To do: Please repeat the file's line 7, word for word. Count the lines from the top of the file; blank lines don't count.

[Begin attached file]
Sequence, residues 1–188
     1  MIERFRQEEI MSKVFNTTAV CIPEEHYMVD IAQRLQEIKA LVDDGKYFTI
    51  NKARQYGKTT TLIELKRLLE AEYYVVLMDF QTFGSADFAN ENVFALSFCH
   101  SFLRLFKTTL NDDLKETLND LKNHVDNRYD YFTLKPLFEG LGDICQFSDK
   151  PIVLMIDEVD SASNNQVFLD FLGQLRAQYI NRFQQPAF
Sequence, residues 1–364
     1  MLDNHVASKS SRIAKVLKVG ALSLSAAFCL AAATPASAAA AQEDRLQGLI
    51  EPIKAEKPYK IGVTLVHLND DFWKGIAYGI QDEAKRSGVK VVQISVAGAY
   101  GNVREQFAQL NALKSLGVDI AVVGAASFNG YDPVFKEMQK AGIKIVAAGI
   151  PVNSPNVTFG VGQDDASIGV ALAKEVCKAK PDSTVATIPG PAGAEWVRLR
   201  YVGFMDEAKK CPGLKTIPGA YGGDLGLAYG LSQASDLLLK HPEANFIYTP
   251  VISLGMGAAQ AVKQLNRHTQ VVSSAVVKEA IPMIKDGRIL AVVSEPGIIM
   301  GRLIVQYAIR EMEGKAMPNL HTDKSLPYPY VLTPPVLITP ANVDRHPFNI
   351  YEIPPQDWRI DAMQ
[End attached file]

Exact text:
     1  MLDNHVASKS SRIAKVLKVG ALSLSAAFCL AAATPASAAA AQEDRLQGLI